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Livestock and Poverty in Karamoja - An Analysis of Livestock Ownership, Thresholds, and Policy Implications

31/01/2019

This report from the Karamoja Resilience Support Unit (KRSU) analyses poverty in Karamoja from the perspective of livestock ownership, and uses a livestock threshold to categorize households as poor and non-poor. High levels of livestock poverty are then discussed in relation to programming and policy options.

Conventional national poverty assessments use cash income or consumption expenditure as key indicators of poverty, and thresholds or poverty lines to distinguish between poor and non-poor households. In pastoralist and agro-pastoralist areas, an asset-based approach is useful for understanding poverty and in particular, the measurement of livestock assets. While conventional poverty assessments often use an income threshold, such as US$1.25/day to define the poor and non-poor, a livestock threshold can be used in pastoralist areas for the same purpose. This analysis used raw data from a recent livestock population survey to analyze livestock ownership in Karamoja, and measure poverty against a livestock threshold. The survey did not collect information on the ownership of camels, donkeys or poultry, and so overall, the livestock ownership results in the analysis are an under-estimate of actual ownership. The analysis covered the six main livestock-rearing districts of Karamoja viz. Napak, Nakapiripirit, Moroto, Kaabong, Kotido, and Amudat.

Key Findings:

  • For an agro-pastoralist household with six family members, the livestock threshold was 3.3 Tropical Livestock Units (TLU)/capita, equivalent to about 5 cattle per person or 33 sheep or goats per person. This threshold enables a livelihood based primarily on livestock production, complemented with some own production of cereals;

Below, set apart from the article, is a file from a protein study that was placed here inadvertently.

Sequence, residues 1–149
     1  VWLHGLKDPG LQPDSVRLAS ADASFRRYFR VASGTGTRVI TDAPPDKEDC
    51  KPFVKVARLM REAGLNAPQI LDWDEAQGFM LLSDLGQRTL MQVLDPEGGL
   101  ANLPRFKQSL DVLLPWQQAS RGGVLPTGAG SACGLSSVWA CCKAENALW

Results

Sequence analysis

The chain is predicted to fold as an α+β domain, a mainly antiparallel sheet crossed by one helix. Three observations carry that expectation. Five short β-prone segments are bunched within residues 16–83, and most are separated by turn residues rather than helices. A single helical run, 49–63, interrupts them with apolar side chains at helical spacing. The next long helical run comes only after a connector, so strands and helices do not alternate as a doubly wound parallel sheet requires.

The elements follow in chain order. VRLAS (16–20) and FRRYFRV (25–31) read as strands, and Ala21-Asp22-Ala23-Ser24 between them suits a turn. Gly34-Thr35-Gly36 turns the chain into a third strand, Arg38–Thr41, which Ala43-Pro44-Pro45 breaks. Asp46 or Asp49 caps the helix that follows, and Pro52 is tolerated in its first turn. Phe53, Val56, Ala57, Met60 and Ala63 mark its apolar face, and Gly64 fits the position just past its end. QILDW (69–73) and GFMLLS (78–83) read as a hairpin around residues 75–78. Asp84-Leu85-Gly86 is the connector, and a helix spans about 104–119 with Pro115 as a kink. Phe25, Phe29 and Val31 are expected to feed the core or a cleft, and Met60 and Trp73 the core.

• In agro-pastoralist and pastoralist areas of Karamoja, 56.5% of households owned less than 3.3 TLU/capita and so could be categorized as “livestock poor;”
  • The analysis showed a skewed ownership of livestock towards wealthier households. For example, the wealthiest 30% of households owned 69.3% of livestock in terms of TLU. This pattern of ownership is similar to some pastoralist areas of Ethiopia and Kenya, where comparable data are available;
  • Among poorer households, those below the 3.3 TLU/capita livestock threshold, livestock ownership was skewed away from the threshold. For example, 47% of these households owned only 1.2 TLU/capita or less;
  • Only 13% of households owned no livestock at all.
  • Poverty in Karamoja is best measured and understood using measures of both livestock ownership and income;
  • Given the numbers of livestock-poor households, the use of area-wide, generic livestock policies and programming raises questions about the relevance of these approaches, specifically for poorer households. For example, a common strategy of poorer households is to maximize the rate of herd growth and so build financial capital. During the growth period, livestock sales are deliberately and logically minimized;
  • There is a need to consider how restocking might be further used in Karamoja and at what scale. The design of restocking, at any scale, requires an understanding of traditional restocking systems that are in use, and other strategies used by poorer households to build herds. Restocking should support traditional restocking systems;
  • Restocking is not a standalone intervention, and requires coordination and integration with other types of support until herds have reached a sufficient size. One option is to link restocking with social protection, with the latter supporting food security during the period of herd growth. A combined restocking-social protection approach would need careful design and piloting;
  • Restocking is not a panacea or suitable for all households. Communities will often have rational criteria for selecting people to be restocked.
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